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Blog: ANTIFREEZE IN YOUR WINE?! | Why now is the time to re-visit Austrian Wine and get excited.

By Sam Johnson

Sam brings you a story natural beauty, music, scandal and revival… he also tells you why you should start getting excited by Austrian Wine and its groundbreaking new makers, keen to show off what the country has to offer.

 When you think of Austria, you think of snow capped Alps and glüwein on the piste; a land of quaint alpine lodges, where insubordinate nuns sing in the rolling meadows of the hilltops, while the faint sound of Mozart’s ‘The Magic Flute Overture’ can be heard drifting up from the quiet town below. Thinking of their wine, you may even think of cheap, thin and acidic, mass-produced antifreeze…

But gone are those days! Now is the time to reconsider your view on the export of this once overlooked wine producing region, in a big way!

The State of Austrian Wine Today

2003 gave us the new DAC system (Austria’s equivalent of the Italian DOC) and through greater levels of control in Austrian winemaking, Austrian wine has not only recovered from its horror period in the 1980s, but also gone from strength to strength.

Now producing on average way over 250million bottles a year, the majority of Austria’s wine production is focused on three lesser-known varieties and well as more familiar names such as Riesling, Pinot Blanc and Chardonnay:

  • Grüner Veltliner

Often likened to Sauvignon Blanc, it makes crisp, dry and fresh white wines that are un-oaked. Its delicate citrus flavours intertwine with peach and a waft of dry, spicy, white pepper that works brilliantly with simple grilled fish dishes.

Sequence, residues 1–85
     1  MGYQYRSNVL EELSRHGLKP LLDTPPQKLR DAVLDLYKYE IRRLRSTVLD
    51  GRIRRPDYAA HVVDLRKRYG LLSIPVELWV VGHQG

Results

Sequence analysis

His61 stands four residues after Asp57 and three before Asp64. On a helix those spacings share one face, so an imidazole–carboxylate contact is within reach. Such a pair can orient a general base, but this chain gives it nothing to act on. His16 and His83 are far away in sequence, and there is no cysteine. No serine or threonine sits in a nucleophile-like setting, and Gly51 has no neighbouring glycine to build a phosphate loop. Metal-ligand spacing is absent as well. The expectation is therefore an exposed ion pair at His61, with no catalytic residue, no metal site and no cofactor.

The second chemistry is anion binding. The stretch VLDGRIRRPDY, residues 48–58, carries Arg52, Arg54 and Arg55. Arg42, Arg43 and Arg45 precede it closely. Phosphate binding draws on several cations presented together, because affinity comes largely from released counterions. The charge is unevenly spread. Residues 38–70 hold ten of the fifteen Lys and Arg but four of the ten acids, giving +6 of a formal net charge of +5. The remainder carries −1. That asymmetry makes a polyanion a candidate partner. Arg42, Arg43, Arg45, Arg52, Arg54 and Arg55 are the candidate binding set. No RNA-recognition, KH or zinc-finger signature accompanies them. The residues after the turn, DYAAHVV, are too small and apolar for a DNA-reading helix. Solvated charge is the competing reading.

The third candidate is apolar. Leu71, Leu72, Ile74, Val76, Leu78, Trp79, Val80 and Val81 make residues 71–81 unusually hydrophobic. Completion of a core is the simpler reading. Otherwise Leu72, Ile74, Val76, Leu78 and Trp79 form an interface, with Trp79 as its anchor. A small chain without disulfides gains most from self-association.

• Zweigelt

The most planted red variety in Austria, Zweigelt is a lighter style of red wine that more often than not is un-oaked. Sometimes lacking a little depth initially, Zweigelt opens up to develop concentrated notes of raspberry and black cherry.

  • Blaufränkisch

If you’re looking for something a little heavier then Blaufränkisch is the way to go. Age-worthy, with big tannins, its wines retain a lovely acidity and freshness with notes of blackberry, cassis and sour cherry.

So whatever it is that you’re looking for, why not to reach for an Austrian Wine next time you come to pick something up? There really is something for everybody!

Who’s Behind It?

A big part of the rebirth of Austrian Wine is down to a new generation of winemakers in the country who are embracing new ideas and techniques, and striving to produce better wines at every turn. One example would be Arnold Holzer at Eschenhoff Holzer, who after taking over the winery at just 22 years of age, has gone on to produce some stunning examples of both Grüner Veltliner and Zweigelt that are not only low in sulphur, but also embrace modern packaging and label design reminiscent of the hyper trendy Craft Beer scene.

Another producer that we are really proud to work with is Weingut R&A Pfaffl. Pfaffl are a really top end Austrian producer who make the lovable and affordable ‘Dot’ series, all the way up to the stunning Passion Reserve Riesling (a personal favourite of mine), which although at a premium price, is just simply a delightful glass of wine!

The Pfaffl family are at the forefront of vineyard and cellar management techniques in Austria and are a worthy overseas flag-bearer for their nation. So we were super excited to send Will, our Assistant Manager, out to Austria to take a look around the winery and taste through their range to make sure that we are stocking the best of what’s out there! Take a look at some of his photos below. (I know… It’s a hard job that he’s got, our Will!)


In the 1980’s it would have been impossible to think that such quality could come from the ashes of one of the great wine scandals of the 20th century, but yet here we find ourselves. Austria’s new generation of winemakers are tearing up the European wine scene, refusing to be ignored, and they have the grape-based goods to back it up. That alone is a reason for you to stop passing them over, give them a whirl, and get excited!

Next week: “Glassware: is it really worth it?”

For any information regarding the blog or social media, please contact sam@thewhalleywineshop.com



Blog: IT’S TIME TO TALK ABOUT THIS | The Whalley Wine Shop